Monday, January 28, 2013

A brief history of bicycle racing in Belgium

Bicycle racing (Dutch: wielrennen, French: cyclisme sportif) is by far one of the most popular sports in Belgium. It is also a sport in which Belgium can be counted among the superpowers of the world. Here's a quick history of bicycle road racing in Belgium.

The Tour de France has played a major role in Belgian bicycle culture. At the beginning of the 20th century, support for cycling was diminishing across the country. Then, in 1912, Odile Defraye from West Flanders became the first Belgian and second foreigner to win the Tour de France. The next two Tours were also won by a Belgian, Philippe Thys from Anderlecht. Thys won the Tour a third and final time in 1920, becoming the first person ever to win the Tour three times.

Odile Defraye, the first hero of Belgian cycling.

Philippe Thys.

Over the years, 18 of 99 Tours de France have been won by Belgians, more than any other country with the exception of (surprise, surprise) France (36 victories). The last Belgian to win the Tour de France was Lucien Van Impe in 1976.

Odile Defraye's Tour de France victory directly or indirectly inspired the creation of the biggest annual Flemish sports event, the Tour of Flanders (Dutch: Ronde van Vlaanderen, French: Tour des Flandres). Retired cyclist Nico Mattan (b. 1971) from Kortrijk once said of the race:
Many great names of Flemish cycling live on the route of the race. This closeness doesn't exist in any other country. That's what gives our identity.
The course of the Tour of Flanders has changed dramatically over the years, but one defining feature has always been its cobbled hills, of which there are currently 17 (including repeats). One of the most famous is the Muur van Geraardsbergen (English: Wall of Geraardsbergen/Grammont, French: Mur de Grammont), which was a staple of the Tour of Flanders until 2012. It is 1075 m (3527 ft) long with a steepness of 9,3% and a height difference of 92 m (302 ft). The hill was made a heritage site in 1995.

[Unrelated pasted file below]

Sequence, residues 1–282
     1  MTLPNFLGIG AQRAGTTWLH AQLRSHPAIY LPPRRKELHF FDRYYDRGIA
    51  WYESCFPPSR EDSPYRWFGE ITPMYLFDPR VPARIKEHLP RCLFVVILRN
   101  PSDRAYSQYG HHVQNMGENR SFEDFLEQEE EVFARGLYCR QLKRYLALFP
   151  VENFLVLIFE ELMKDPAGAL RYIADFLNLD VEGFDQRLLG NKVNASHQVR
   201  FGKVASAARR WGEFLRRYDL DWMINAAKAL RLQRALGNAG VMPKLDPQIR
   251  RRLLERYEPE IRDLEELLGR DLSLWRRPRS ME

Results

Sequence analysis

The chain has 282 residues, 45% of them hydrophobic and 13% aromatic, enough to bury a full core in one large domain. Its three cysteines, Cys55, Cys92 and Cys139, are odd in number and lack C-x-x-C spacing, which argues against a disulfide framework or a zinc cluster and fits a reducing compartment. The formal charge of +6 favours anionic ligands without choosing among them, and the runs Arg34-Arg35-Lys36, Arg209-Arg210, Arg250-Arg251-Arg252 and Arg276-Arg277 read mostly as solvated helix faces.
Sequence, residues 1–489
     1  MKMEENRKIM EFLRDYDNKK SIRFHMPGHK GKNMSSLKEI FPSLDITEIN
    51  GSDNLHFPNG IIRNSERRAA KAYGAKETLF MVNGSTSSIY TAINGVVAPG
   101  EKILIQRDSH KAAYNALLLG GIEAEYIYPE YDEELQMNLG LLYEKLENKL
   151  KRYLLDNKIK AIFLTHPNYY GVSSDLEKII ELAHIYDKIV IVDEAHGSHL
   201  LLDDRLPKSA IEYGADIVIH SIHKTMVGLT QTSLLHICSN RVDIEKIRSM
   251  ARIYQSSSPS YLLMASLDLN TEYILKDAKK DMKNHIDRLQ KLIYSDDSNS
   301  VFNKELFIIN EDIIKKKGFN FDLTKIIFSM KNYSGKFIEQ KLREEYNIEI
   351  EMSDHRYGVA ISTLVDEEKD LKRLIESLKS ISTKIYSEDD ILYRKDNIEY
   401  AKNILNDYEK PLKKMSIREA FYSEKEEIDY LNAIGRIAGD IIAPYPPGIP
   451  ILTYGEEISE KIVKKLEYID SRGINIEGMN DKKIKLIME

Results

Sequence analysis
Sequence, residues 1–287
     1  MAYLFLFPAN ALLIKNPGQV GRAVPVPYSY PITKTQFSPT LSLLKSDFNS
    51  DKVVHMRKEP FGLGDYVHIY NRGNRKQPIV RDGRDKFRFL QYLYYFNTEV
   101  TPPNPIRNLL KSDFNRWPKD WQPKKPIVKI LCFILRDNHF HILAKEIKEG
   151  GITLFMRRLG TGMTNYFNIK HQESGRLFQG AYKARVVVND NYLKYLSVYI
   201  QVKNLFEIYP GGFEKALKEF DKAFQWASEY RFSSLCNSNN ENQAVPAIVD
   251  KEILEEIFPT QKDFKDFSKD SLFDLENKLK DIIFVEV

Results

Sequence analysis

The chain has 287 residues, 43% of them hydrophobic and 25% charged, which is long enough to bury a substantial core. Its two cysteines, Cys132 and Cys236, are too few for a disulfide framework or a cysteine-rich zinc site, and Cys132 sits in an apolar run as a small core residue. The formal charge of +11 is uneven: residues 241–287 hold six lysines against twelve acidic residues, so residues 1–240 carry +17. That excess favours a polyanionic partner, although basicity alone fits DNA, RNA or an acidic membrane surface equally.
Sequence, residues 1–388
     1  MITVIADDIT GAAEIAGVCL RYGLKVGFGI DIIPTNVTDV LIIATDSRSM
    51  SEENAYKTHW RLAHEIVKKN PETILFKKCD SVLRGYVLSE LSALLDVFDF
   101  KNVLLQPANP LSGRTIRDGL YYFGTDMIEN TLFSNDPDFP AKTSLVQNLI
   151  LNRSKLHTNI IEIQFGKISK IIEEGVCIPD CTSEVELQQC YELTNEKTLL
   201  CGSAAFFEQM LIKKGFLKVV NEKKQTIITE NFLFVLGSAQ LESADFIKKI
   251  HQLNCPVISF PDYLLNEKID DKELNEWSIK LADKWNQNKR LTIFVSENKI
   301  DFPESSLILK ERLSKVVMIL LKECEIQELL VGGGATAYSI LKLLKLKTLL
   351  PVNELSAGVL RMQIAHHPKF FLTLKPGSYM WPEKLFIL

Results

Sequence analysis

Since 2004, The women's Tour of Flanders  (Dutch: Ronde van Vlaanderen voor Vrouwen) has been held every spring on the same date as the men's race.

Cyclists climbing the Muur van Geraardsbergen
during the women's Tour of Flanders in 2006.

The most recent winner of the Tour of Flanders (2012) was Tom Boonen, who had previously won the race on two occasions. Boonen is the most successful Belgian cyclist of his era, which has made him Belgium's main male sports idol.

Tom Boonen celebrates his fourth Paris–Roubaix victory, in 2012.

And finally, we take a step back in time. While most Belgians will instantly recognize names like Rik Van Looy and Tom Boonen, the name Eddy Merckx may ring a bell even to a Norwegian who's never set his foot in the Low Countries.

Merckx (b. 1945) is arguably the greatest road cyclist in Belgian history, and many consider him the greatest cyclist ever. To put things into perspective, he is the Wayne Gretzky, the Michael Jordan and the Diego Maradona of cycling.

In a career spanning the years 1961 to 1975 Merckx won 525 races, earning him three road cycling world championships, five Tour de France wins (the highest* number of wins ever, a record matched only by three other cyclists), and five victories in the Giro d'Italia. In 2005, the people of Flanders voted him the 3rd greatest Belgian of all time.

Eddy Merckx in 1973, the year he skipped the Tour de France because the
French audience was in an uproar over the possibility of Merckx matching
the Frenchman Jacques Anquetil's record of five wins. Merckx returned to the
Tour in 1974 to take his fifth and final victory in the race.

*What's that? Lance Armstrong? Never heard of him.


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